By George Fejer
Over the last decade, psychedelics have made a comeback in the world of research and academia. As they enter into a new phase of clinical trials, they bear the promise of improving people’s well-being by reducing their depression and anxiety, helping them overcome addiction, or even helping them cope with death and bereavement. This has caused a wave of new publicity, acceptance, and enthusiasm around psychedelic science.
Given that this area of research has been taboo for many decades, there is reason to be optimistic. There is an amount of new data coming in from numerous new clinical trials across various patient groups. As we anticipate the results of these investigations, it is equally important to remain critical, however, in order to ensure that this newly found enthusiasm does not reinstate the myth of the magic bullet that will ultimately cure all our mental ailments.
As research is being conducted in ever more places, some key challenges for the field are also becoming apparent. This piece wants to address those scientific issues as psychedelic science moves forward.
Science in Crisis
The scientific study of psychedelics is not immune from broader crises that are currently ongoing in the scientific realm, like the replication crisis, the lack of Open Science practices and the increasingly privatized funding of research.
The replication crisis comes from research that has shown that many results across different scientific studies cannot be reproduced. This has sometimes led to questionable research practices, such as modifying the results, fabricating data, or selective reporting of false positive findings, by individual actors. Prior hypotheses most often do not yield positive results, and researchers are often faced with unexpected findings.
Publishing these chance findings becomes problematic if the researchers do not clearly demarcate them as such, and conceal the failure of the initial hypothesis and post-hoc explanation of their findings. According to a meta-analysis conducted by Daniela Fanelli (2009), up to 72% of all scientists admit to witnessing questionable research practices concerning the behavior of their colleagues. Misconduct was reported most frequently in the areas of medical and pharmacological research, hence the area of psychedelic research is likely to be implicated. This is something to be acutely aware of.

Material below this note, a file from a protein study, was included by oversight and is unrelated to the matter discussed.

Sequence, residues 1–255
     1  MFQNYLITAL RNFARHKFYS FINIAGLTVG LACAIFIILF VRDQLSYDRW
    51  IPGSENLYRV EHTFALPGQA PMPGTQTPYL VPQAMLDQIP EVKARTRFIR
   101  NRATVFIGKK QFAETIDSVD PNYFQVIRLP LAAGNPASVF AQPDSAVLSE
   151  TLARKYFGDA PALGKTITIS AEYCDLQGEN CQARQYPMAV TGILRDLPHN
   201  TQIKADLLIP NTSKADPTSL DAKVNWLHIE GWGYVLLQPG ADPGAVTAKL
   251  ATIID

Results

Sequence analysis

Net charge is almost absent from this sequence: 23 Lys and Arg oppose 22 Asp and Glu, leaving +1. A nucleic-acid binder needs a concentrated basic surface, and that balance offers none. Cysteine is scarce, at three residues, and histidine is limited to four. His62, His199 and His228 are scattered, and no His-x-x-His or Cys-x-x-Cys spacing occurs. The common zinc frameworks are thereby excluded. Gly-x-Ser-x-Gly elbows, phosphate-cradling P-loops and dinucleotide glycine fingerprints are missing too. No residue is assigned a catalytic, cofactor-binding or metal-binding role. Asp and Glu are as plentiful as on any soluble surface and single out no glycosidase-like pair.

Many researchers in the field are understandably psychedelic enthusiasts. This bears a significant risk of selective reporting and motivated reasoning. The promise of psychedelics shown in clinical trials has already led to a nearly one-sided emphasis on the positive effects in the scientific literature, while ignoring the potentially adverse consequences such as mystic ego inflation, neuroticism, or the potential to induce false memories.
Combined with the earlier mentioned broader current problems in science, these over-positive tendencies are incentivized on a community-wide level due to a strong bias towards publishing positive findings, while the negative results are left unpublished in a file drawer.
This problem may be especially pertinent given the relatively high costs and investments involved in conducting psychedelic research, thereby creating a strong incentive for publishing positive results. And what may further limit the researcher’s degree of freedom, is that most studies on psychedelics are sponsored by private foundations with a vested interest.
Open Science practices
Many of these issues can be addressed by adhering to the guidelines of the Open Science Framework. This includes the preregistration of all hypotheses, the study design, data collection methods, and analysis pipelines to increase transparency throughout every step of the scientific process.
Many journals even offer the opportunity of depositing a research question and study design with a registration service or journal before conducting a scientific investigation. Future studies in the domain of psychedelic research would do well by making use of these practices in order to increase the credibility of their findings, and devote extra energy towards replicating some of the existing results via independent research groups.
The altered states resulting from psychedelics differ so profoundly from other substances, that there is an ongoing search for a good placebo. In a study of mystical experiences, methylphenidate hydrochloride (Ritalin) was used as a placebo (Griffiths, Richards, Mccann, & Jesse, 2006), in studies of psilocybin to treat anxiety in advanced stage cancer patients, niacin (vitamin B3, which produces flushing) was used as a placebo. And in a study of ayahuasca as treatment for depression researchers used zinc sulfate as a placebo, which may induce nausea and vomiting, playing into one of the commonly expected side effects of the hallucinogenic brew. (de Fontes, 2017).